Pomodori al Riso is a beloved Roman dish that is perfect for summer entertaining and as beautiful as it is delicious. Vivid red vine-ripened tomatoes are hollowed out and filled with rice marinated in the tomato's own juices, olive oil, garlic and herbs then baked until golden, tender and intensely flavorful. Tradition dictates that they rest after baking for hours to allow flavors to mingle before serving at room temperature. —Deborah Dal Fovo
medium, ripe yet FIRM, round red tomatoes each weighing 5 to 6 ounces, preferably with stem leaves attached (cluster tomatoes work well)
/200g Arborio, Carnaroli or Vialone Nano rice (about 2 tablespoons for each tomato)
/119ml extra virgin olive oil, plus more for greasing casserole and drizzling
large garlic clove, finely minced (about 1 teaspoon)
fresh mint leaves, finely chopped (about 1 teaspoon)
large Yukon Gold potatoes
Kosher or sea salt
Freshly ground black pepper to taste
In This Recipe
Grease a 9 x 12 oven-proof baking dish with olive oil.
Wash and dry the tomatoes. Using a sharp knife, cut a horizontal slice of about 3/8-inch off the stem top of each tomato to form a lid, leaving one side attached like a hinge if desired.
Working on one tomato at a time, use a serrated grapefruit spoon or small paring knife to cut around the inside perimeter of the tomato between the wall of flesh and inner pulp. Carefully scoop out the pulp, core, seeds and juice directly into a food mill set over a non-metallic bowl. Scrape out the tomato to create a hollow shell with thick wall of flesh on sides and bottom (about 3/8-inch), taking care not to pierce the flesh or skin while you work. Repeat the process with each tomato.
Sprinkle a bit of salt inside each tomato then turn them upside down on a cutting board to drain while you prepare the rice stuffing.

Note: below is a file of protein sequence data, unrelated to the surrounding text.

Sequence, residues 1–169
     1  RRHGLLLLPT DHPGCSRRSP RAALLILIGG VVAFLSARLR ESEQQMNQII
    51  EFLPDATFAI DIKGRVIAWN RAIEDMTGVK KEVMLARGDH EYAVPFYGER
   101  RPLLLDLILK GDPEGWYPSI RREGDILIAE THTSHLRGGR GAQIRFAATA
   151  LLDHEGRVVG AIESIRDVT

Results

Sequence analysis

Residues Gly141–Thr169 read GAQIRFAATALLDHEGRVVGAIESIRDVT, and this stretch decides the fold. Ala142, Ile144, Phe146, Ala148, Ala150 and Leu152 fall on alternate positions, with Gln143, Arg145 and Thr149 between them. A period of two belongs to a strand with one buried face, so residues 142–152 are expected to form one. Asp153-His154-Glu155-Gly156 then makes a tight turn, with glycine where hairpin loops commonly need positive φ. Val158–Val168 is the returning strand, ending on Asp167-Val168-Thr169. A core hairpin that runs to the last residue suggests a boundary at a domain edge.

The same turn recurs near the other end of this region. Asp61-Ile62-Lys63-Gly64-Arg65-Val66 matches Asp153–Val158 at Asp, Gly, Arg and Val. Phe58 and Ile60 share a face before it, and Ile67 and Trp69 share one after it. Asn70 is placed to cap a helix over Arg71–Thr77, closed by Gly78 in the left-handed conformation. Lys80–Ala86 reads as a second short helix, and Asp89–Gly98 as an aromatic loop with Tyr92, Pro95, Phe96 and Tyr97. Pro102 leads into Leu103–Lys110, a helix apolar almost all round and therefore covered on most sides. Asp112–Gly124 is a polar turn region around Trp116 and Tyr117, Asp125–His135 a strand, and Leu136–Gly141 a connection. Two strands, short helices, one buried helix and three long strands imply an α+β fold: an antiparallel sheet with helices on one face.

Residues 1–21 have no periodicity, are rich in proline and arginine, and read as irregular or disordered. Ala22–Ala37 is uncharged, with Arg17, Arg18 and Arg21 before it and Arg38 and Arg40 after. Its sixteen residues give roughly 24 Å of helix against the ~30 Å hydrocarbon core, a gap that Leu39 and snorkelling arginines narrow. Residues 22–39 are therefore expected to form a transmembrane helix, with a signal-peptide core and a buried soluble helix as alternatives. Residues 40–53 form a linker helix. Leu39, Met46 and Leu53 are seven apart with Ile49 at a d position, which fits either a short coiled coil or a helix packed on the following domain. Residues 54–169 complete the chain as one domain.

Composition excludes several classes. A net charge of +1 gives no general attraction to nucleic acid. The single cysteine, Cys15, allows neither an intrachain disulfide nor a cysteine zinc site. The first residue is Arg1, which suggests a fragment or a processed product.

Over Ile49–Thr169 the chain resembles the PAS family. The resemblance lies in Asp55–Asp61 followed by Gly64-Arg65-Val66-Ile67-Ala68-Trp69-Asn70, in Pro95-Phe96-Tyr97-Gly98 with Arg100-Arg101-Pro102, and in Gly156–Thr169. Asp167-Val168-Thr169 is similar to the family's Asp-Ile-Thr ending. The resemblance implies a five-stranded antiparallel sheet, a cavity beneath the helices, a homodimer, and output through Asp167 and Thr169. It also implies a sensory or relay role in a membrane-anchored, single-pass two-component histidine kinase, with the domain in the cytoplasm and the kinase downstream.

Puree the tomato pulp and juices through the food mill into bowl, discarding seeds and cores. If you don’t have a food mill, press the contents through a strainer with the back of a spoon into bowl or pulse contents in a food processor to liquify then strain to eliminate seeds and cores.
Add the raw rice, extra virgin olive oil, minced garlic and herbs to the tomato juice. Season with 1-tablespoon salt and freshly ground pepper then stir to combine and let stand for 30 to 40 minutes.
Preheat oven to 375°F/190°C.
Pat each tomato shell dry, inside and out, with paper towels. Arrange the tomatoes, cut side up, in the oiled baking dish. Fill the tomato shells about 7/8 full with rice stuffing then spoon over remaining tomato juices. Place lids back on the tomatoes, matching up if separated.
Peel the potatoes and cut into thick slices. Wedge the potatoes in between and around the tomatoes to hold them snugly upright in the pan. Drizzle the tomatoes and potatoes liberally with olive oil and sprinkle generously with salt.
Cover the baking dish with a sheet of foil and bake in the center of hot oven for 30 minutes. Remove the foil and bake, uncovered, for another 25 to 30 minutes, basting the tomatoes and rice with cooking juices every now and then.
The stuffed tomatoes are done when they are deeply bronzed with wrinkled lids, the rice is tender and moist, potatoes are soft inside yet crispy around the edges, and the cooking juices have thickened to a glaze-like consistency.
Remove from oven and let rest for at least 1 to 2 hours before serving warm or at room temperature.